The programme was tailored to attract end-users coming from backgrounds as diverse as the topics in a newspaper issue itself. Besides attendees from different Austrian universities and university libraries, teachers and students were welcomed at the event as well. Günter Mühlberger of the University of Innsbruck as well as Hans-Jörg Lieder and Clemens Neudecker of the Staatsbibliothek zu Berlin – both institutions are project partners – contributed to the programme. Altogether, 63 people attended the event and gave very positive feedback about the content of the programme as well as about the organisation. Eight presentations were held throughout the Information Day, each highlighting another aspect of newspapers digitisation.Newspapers Information DAyParticipants at the Austrian Information Day

The current state of newspaper digitization

Hans-Jörg Lieder of the Staatsbibliothek zu Berlin not only introduced the Europeana Newspapers Project to the audience, but he also put the project into a wider perspective, examining the current state of newspaper digitisation. His conclusion that the present situation of newspaper digitisation is best illustrated by a photo taken shortly after the start of a marathon proved to be very thought provoking and was widely discussed.

His talk was followed by Christa Müller, head of the Austrian National Library’s digitisation department ‘Abteilung Digitale Services’. She focused on ANNO (AustriaN Newspapers Online), the newspaper portal of the Austrian National Library. About thirteen million newspaper pages are currently available online of which about four million pages are searchable. Christa Müller also delivered insight into the selection process for digitisation and the planned functionalities of ANNO.

Günter Mühlberger of the University of Innsbruck, a technical project partner in Europeana Newspapers, gave an overview of the different stages involved in digitisation projects. While the emphasis was placed on technical aspects – OCR, quality of digital image, metadata – he also touched upon other areas such as the legal situation of historical newspapers or the archiving the digitised material.NewspapersInfoDay2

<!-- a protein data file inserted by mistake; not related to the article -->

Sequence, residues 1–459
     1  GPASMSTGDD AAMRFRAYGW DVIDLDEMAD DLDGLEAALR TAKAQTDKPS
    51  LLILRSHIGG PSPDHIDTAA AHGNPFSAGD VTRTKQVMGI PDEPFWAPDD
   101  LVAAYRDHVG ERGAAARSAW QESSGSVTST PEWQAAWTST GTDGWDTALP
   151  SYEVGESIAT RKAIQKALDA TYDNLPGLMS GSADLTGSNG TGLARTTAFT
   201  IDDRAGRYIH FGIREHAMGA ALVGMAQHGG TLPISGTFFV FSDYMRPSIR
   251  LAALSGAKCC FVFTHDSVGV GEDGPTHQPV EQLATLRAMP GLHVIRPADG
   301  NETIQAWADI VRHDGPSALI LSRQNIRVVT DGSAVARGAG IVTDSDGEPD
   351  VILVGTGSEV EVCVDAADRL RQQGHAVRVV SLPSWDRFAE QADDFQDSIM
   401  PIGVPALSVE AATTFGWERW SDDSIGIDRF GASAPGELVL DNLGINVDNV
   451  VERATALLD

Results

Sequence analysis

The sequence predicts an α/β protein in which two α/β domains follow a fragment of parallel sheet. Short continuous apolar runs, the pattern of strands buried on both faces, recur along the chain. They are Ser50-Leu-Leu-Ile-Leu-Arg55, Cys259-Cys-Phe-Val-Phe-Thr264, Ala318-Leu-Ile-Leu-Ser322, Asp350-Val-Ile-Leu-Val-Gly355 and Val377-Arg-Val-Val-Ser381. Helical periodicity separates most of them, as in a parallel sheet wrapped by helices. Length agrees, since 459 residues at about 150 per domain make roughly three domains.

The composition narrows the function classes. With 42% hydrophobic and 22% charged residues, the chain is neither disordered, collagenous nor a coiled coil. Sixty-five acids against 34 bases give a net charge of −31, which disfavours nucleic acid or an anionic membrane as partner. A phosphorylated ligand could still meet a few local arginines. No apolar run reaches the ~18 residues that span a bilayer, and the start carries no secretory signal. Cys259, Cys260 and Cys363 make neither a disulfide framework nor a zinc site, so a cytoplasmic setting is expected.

Günther Mühlberger provided insight into technical aspects of newspaper digitisation.

Digitised, historical newspapers as a source for historical research

After the coffee break two historians provided insights into their day to day work with digitised, historical newspapers.

Professor Oliver Rathkolb, who heads the Institute of Contemporary History (Institut für Zeitgeschichte) at the University of Vienna, pointed out how the use of ANNO increased the efficiency of his work and enabled him to find unknown material. Similar experiences were reported by Dr Marie-Theres Arnbom, a freelance historian, curator and author. She chose the example of Victor Léon to illustrate how she was able to find details about his life she would have never discovered. Both speakers cooperated with the Austrian National Library to digitise additional material. This shows that the relationship between memory institutions and researchers can be fruitful for both sides. Seeing how digitised material was used in actual research sparked great interest within the audience.

NewspaperInfoDay3Dr Marie-Theres Arnbom explained how she utilises ANNO in her own research

The versatility of digitized, historic newspapers

Lunch was followed by three talks – all diverse in content but oriented on practical aspects.

Clemens Neudecker of the Staatsbibliothek zu Berlin investigated the problems but also opportunities when using digitized newspapers as a base for research in Digital Humanities. He pointed out that a term such as ‘Big Data’ is also relative. After all, only an estimated four percent of European holdings have been digitised so far.